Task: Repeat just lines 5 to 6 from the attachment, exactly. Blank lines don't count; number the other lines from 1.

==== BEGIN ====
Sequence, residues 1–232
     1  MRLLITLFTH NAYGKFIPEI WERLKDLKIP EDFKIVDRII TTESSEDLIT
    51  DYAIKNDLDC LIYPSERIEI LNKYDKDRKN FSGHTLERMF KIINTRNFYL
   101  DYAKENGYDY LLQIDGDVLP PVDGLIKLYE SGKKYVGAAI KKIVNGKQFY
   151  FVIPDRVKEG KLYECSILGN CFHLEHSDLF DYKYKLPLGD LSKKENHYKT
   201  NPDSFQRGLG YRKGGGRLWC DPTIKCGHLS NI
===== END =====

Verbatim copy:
   151  FVIPDRVKEG KLYECSILGN CFHLEHSDLF DYKYKLPLGD LSKKENHYKT
   201  NPDSFQRGLG YRKGGGRLWC DPTIKCGHLS NI